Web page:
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mokihuca's version from 2018-03-28 23:59

Section 1

Question Answer
Joints are?are also called articulations, which is where two bones meet.
Joints have two fundamental functions?they give our skeleton mobility and they hold it together, sometimes playing a protective role.
Synarthroses are?joints that are immovable.
Amphiarthroses are?joints that are slightly movable.
Diarthroses are?are freely movable joints.
Fibrous joints are?joints that are joined by fibrous tissue, specifically dense fibrous connective tissue, however no joint activity.
Sutures are?seams that occur only between noes of the skull; classified as a fibrous joint.
Syndesmoses are?the bones that are connected exclusively by ligaments, cords, or bands of fibrous tissue.
Gomphses joints are?a peg-n-socket joint; fibrous, the only example is the tooth in the gums.

Section 2

Question Answer
Cartilaginous joints are?the articulating bones are united by cartilage.
Two types of cartilagous joints are?synchondroses and symphses.
A synchondroses joint is?a bar or plate of hyaline cartilage unites the bone; synarthrotic.
A common example of sychondroses' are?epiphyseal plates in the long bones of children.
A symphyses is?the articular surface of the bones are covered with articular [hyaline] cartilage.
Synovial joint is?are those joints in which the articulating bones contain a joint cavity that is filled with synovial fluid
A bursa is?a flattend fibrous sac lined with synovial membrane and containing a thin film of synovial fluid.
A tendon sheath is?essentially an elongated bursa that wraps around a tendon subjected to friction.

Section 3

Question Answer
The muscle's origin is? attached to the immovable [is the less movable] bone.
The muscle's insertion is?attached to the movable bone.
Nonaxial movements are?movements that are slipping movements, no axis.
Uniaxial movements are?movements that occur in one plane.
Biaxial movements are?movements in two planes.
Multiaxial movements are?movements that occur in or around all three planes of space and axes.
There are three types of GENERAL movements, which are?gliding, angular, and rotation.
Gliding movements?occur when on flat, or nearly flat bone surface slips or glides over another; intercarpal and intertarsal, and articular processes of vertebrae.
Angular movements?increase or decrease the angle between two bones.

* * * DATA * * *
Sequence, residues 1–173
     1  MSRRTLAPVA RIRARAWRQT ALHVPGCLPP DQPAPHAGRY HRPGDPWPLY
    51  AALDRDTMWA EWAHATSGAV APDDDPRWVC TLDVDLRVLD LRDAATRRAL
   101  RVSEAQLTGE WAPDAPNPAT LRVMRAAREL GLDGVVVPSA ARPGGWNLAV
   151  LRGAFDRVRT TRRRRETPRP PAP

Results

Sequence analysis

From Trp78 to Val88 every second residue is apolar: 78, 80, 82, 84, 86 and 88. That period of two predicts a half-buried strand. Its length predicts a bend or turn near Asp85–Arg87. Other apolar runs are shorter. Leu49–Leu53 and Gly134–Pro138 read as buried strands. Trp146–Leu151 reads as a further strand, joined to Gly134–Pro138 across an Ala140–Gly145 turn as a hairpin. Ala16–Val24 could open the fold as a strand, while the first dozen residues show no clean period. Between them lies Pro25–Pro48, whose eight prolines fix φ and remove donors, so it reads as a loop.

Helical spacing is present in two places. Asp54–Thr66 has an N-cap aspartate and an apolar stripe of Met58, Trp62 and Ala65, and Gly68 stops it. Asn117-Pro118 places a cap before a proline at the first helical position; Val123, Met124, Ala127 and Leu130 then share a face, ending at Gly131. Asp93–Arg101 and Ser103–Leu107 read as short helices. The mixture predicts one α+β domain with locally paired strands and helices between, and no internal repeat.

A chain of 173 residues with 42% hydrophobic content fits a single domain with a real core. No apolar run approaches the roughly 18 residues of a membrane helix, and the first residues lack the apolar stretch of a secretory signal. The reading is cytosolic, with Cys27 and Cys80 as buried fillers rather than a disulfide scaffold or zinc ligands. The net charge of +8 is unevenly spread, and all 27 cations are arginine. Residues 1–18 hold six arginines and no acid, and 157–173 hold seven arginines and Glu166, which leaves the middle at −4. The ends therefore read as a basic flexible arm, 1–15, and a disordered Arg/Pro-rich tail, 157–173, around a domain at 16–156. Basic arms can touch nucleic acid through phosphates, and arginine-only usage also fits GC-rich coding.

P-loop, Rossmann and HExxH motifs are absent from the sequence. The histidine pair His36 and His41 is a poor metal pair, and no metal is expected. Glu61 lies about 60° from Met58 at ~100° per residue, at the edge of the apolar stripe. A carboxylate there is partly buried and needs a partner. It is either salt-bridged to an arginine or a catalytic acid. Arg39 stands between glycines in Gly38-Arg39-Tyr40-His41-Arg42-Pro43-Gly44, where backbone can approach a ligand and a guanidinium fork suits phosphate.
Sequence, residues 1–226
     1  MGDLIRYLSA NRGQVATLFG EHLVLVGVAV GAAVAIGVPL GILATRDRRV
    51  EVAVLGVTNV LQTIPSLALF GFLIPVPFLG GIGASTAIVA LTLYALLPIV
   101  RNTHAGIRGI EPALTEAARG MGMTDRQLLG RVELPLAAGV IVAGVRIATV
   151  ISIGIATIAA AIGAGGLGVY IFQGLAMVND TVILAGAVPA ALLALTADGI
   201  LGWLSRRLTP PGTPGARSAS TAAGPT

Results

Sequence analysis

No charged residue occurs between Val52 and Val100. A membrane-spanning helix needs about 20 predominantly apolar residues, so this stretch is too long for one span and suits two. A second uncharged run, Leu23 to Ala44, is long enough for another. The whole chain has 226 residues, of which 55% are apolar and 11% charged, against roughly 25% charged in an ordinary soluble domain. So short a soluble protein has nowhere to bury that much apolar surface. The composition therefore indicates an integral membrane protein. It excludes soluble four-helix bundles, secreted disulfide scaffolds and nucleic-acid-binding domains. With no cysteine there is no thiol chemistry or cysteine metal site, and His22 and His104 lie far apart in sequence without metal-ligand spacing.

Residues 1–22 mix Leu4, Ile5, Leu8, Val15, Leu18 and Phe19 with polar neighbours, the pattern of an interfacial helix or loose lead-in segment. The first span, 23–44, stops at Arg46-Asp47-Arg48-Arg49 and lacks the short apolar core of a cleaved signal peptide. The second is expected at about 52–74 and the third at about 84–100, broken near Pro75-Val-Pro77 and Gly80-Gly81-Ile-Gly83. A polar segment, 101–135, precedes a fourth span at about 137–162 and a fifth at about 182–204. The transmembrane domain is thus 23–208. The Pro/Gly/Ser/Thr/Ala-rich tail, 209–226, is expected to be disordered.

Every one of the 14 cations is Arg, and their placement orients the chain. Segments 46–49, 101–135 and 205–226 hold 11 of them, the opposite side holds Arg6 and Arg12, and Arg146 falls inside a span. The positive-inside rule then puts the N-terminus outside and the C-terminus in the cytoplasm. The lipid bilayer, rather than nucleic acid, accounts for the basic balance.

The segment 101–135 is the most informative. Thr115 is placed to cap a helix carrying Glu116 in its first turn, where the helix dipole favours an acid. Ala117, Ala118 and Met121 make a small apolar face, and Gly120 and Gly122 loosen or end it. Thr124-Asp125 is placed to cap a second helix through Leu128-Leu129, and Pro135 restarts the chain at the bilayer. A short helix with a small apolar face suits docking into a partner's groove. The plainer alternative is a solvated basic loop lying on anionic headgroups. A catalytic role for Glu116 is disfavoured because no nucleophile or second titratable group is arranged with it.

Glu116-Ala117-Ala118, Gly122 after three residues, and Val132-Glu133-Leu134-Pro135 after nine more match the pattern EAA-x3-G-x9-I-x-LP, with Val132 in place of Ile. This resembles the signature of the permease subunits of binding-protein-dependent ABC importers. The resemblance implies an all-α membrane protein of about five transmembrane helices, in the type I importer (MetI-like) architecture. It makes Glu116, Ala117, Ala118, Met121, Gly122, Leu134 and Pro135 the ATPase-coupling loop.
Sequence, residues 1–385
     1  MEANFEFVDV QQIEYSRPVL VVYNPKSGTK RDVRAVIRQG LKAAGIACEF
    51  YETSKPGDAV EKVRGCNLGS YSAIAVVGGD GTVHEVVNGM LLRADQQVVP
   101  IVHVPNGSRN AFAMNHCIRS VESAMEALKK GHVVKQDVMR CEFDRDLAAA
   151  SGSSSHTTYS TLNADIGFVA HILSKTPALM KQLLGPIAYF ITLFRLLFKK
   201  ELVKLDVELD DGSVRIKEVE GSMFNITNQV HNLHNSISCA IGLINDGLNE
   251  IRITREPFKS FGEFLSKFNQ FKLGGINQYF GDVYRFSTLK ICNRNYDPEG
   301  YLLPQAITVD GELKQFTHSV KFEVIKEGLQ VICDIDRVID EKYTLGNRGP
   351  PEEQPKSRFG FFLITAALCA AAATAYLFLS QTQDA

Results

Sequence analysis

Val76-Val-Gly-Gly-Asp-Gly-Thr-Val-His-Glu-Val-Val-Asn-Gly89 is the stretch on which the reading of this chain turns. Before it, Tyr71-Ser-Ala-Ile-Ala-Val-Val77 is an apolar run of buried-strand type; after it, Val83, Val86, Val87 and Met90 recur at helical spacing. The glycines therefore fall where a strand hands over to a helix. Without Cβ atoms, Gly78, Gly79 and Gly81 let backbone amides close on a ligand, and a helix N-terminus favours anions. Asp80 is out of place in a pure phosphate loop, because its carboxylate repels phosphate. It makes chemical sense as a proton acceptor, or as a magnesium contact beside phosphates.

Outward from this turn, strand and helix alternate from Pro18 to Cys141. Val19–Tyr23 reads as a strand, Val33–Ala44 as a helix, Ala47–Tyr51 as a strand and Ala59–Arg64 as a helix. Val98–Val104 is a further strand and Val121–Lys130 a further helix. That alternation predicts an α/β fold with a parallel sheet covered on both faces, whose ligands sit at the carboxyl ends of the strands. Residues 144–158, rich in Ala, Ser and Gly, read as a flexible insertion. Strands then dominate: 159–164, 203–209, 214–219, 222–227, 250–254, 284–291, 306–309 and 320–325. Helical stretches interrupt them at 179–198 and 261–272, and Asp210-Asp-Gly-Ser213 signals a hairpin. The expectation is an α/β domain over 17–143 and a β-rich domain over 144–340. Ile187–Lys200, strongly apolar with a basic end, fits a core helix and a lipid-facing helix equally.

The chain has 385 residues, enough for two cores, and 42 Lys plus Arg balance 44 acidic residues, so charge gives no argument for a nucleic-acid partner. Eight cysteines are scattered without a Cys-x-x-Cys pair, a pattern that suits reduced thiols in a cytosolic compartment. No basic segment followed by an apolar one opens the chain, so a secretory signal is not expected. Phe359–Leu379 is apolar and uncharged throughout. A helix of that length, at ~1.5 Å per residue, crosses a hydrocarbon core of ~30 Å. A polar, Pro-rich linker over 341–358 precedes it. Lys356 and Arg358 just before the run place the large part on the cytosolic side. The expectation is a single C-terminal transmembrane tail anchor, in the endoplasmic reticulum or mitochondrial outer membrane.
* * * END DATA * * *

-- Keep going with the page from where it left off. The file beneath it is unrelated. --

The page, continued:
Section 4

Question Answer
Flexion is?a bending movemen decreasing the angle between the articulating bonest; bending the head to the chest or bending the body from a straight angle to a bent angle.
Extension is?the reverse of flexion, increasing the angle between the articulating bones; such as straightening a flexed limb.
Hyperextension is?excessive extension such as extending the head beyond the anatomical postion.
Abduction is?movement of a limb away from the body; such as raising the arm laterally, out to the sides.
Adduction is?the opposite of abduction, which is the movement of the limb towards the body; such as bring the arm close the body.
Circumduction is?moving a limb so that it describes a cone in space; circular movements of the arm.
Rotation is?turning the bone around on its own axis; such hip, shoulder and between atlas and axis.

Section 5

Question Answer
Supination and Pronation is?movements regarding the radius and the ulna.
Supination is?rotating the hand so that it is in anatomical position.
Pronation is?is rotating the hand so the it's facing posteriorly or inferiorly.
Dorsiflexion is?lifting the foot superiorly, towards your shin.
Plantar is?depressing your foot inferiorly, such as a ballerina points her toe.
Inversion is?moving the sole of the foot so that it turns medially.
Eversion is?is moving the foot so that it turns laterally.
Elevation is?lifting a body part superiorly; such as shrugging your shoulders.
Depression is?moving an elevated part inferiorly; such as chewing your gum, the down movement is depression.
Opposition is?is a special movement involving the thumh; when you touch your thumb to the end of each finger.

Section 6

Question Answer
There are six synovial joints, which are?Plane, hinge, pivot, condyloid, saddle and ball-in-socket.
Plane joints are?articular surfaces are flat, only short nonaxial movements; such as intercarpal, intertarsal joints and joints between vertebral articular proccesses.
Hinge joints are?the cylindrical end of one bone conforms to a through shaped surface on another.
Pivot joints are?the rounded end of one bone conforms to a "sleeve" or ring composed of bone of another; uniaxial and the joint between the atlas and axis.
Condyloid joints are?also called ellipsodal joints. the oval surfaces of one bone fits into the complemtary depression of another bone; biaxial and angular movements, wrist and knuckle.
Saddle joints are?similar to condyloid joints, but greater freedom of movement; such as the carpometacarpal joints of thumb.
Ball and Socket joints are?spherical or hemispherical head of one bone articulates with the cuplike socket of another; multiaxial and femur to hip bone.